The U.S. plastics industry broke a long losing streak in 2011, increasing its jobs total for the first time since 1999. Some of that good fortune continued into 2012, as exports of molds and machinery each posted solid gains in the first nine months of the year.
In 2012, the U.S. industry employed almost 885,000 — an increase of 9,000, or 1 percent, vs. 2010. Officials with the Society of the Plastics Industry Inc. said they had no exact data regarding the jobs gain. During a Dec. 13 press webinar, SPI officials also unveiled data that showed the value of plastic-related shipments grew 11 percent to more than $380 billion during 2011.
The first nine months of 2012 brought a gain of almost 18 percent in the value of exported molds, and a rise of almost 8 percent in the value of exported machinery.
“The data shows that the plastics industry as a whole is resilient and has fared better than other manufacturing sectors,” SPI President Bill Carteaux said.
Some challenges remain, however, mostly in the form of uncertainty felt as President Obama and Congress struggle with the “fiscal cliff,” which could eliminate tax breaks and institute automatic spending cuts.
“Our members want a long-term budget deal and for our elected officials to handle the deficit and the national debt,” Carteaux said. “The fiscal cliff has massive implications for our industry. The U.S. plastics industry can't afford the status quo. We need to re-ignite the growth we saw in the first half of 2012.”
In spite of the growth in molds and machinery, overall U.S. plastics exports basically were flat this year. Through September, exports had grown only 0.2 percent. “Exports are slowing because of uncertainty,” Carteaux added.
The 2011 shipment value total was more than 26 percent higher than the 2005 level. The total number of plastics jobs, while up from 2010, was almost 20 percent under 2005, when the sector employed more than 1.1 million.
In other data, the ranking of states with the most plastics jobs remained unchanged in 2011. California led the way with almost 75,000 jobs, followed by Ohio, Texas, Michigan and Illinois. In job concentration, Indiana again topped the U.S, with 15.4 plastics jobs per 1,000 non-farm workers, followed by Michigan, Ohio, Wisconsin and South Carolina.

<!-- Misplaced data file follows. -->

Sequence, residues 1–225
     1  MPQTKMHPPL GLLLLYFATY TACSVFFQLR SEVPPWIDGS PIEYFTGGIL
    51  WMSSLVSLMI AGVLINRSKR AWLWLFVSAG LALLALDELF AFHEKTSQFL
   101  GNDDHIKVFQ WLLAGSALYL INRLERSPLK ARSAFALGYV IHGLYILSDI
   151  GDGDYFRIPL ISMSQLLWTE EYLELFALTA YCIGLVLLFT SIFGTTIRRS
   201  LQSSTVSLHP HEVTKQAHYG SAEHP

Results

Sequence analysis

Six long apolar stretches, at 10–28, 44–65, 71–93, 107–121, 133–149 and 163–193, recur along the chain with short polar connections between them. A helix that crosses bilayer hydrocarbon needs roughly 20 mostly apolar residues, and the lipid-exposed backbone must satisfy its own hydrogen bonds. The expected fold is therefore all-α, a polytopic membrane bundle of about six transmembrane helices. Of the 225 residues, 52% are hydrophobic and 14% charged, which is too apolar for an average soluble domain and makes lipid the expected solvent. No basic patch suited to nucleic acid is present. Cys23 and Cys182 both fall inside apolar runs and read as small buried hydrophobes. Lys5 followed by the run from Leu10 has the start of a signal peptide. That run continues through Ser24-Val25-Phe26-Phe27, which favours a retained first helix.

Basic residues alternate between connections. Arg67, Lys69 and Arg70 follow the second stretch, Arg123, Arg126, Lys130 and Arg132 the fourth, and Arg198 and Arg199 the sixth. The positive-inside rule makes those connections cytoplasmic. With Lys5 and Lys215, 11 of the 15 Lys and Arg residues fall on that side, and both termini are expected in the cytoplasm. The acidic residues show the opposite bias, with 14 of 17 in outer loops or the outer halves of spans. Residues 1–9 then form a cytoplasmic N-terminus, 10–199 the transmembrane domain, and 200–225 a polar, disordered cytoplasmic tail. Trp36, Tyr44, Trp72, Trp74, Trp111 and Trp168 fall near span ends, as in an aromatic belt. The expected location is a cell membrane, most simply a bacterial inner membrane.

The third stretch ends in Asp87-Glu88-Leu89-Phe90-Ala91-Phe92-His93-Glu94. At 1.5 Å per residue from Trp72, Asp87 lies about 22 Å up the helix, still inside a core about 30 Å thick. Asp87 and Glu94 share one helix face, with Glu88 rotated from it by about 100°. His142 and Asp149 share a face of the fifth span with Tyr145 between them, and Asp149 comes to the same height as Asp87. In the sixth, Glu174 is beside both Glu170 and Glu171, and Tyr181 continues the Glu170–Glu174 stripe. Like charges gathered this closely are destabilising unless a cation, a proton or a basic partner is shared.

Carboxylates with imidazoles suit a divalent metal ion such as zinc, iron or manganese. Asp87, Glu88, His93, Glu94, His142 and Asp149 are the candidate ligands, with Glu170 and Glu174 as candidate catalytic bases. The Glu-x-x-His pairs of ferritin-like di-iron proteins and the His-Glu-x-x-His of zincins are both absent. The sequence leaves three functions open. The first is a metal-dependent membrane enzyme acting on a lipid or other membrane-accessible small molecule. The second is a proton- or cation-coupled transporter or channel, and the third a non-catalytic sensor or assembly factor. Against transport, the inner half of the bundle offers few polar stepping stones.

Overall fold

Concentration of plastics jobs has been increasing by a sizable amount in Nebraska, Alabama, Connecticut and Vermont, while that same ratio has been declining in Mississippi, New Hampshire, Kansas and Missouri, according to SPI senior inter- national trade director Michael Taylor.
SPI also tracked the United States' fastest-growing plastics export partners between 2010 and 2011. The top five on that list were Venezuela, Singapore, Nigeria, Russia and Vietnam, each of which were up at least 25 percent. Going back to 2000, the biggest gainers in that category are Algeria, Vietnam, India, Nigeria and Russia, each of which were up at least 700 percent.
In 2011, the top five export destinations for U.S. plastics shipments were Mexico, Canada, China, Belgium and Brazil. Those five accounted for 62 percent of exports.
Exports increased in 2011 to each of those countries with the exception of Belgium. Brazil's appearance was its first in the top five, where it replaced Japan. Recent free-trade agreements between the U.S. and South Korea, Colombia and Panama — as well as improved trade relations with Russia — should allow export growth to remain healthy, Taylor said.
The top five sources for plastic shipments into America in 2011 were Canada, China, Mexico, Germany and Japan. Those five accounted for 74 percent of the import total. Plastics imports into the U.S. overall were down slightly in 2011.
The U.S. plastics market posted a surplus again in 2011, but as has been the case in prior years, all of that surplus came from resin sales. The U.S. industry again ran deficits in plastic products, molds and machinery.